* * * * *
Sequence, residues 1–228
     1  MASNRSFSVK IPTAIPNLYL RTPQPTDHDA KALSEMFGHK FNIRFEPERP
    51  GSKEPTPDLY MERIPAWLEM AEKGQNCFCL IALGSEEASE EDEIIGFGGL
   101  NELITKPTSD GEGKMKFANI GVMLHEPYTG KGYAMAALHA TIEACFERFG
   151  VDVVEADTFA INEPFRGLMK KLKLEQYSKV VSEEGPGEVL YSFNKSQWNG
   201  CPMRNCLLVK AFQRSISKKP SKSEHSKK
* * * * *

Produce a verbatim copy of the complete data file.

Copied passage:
Sequence, residues 1–228
     1  MASNRSFSVK IPTAIPNLYL RTPQPTDHDA KALSEMFGHK FNIRFEPERP
    51  GSKEPTPDLY MERIPAWLEM AEKGQNCFCL IALGSEEASE EDEIIGFGGL
   101  NELITKPTSD GEGKMKFANI GVMLHEPYTG KGYAMAALHA TIEACFERFG
   151  VDVVEADTFA INEPFRGLMK KLKLEQYSKV VSEEGPGEVL YSFNKSQWNG
   201  CPMRNCLLVK AFQRSISKKP SKSEHSKK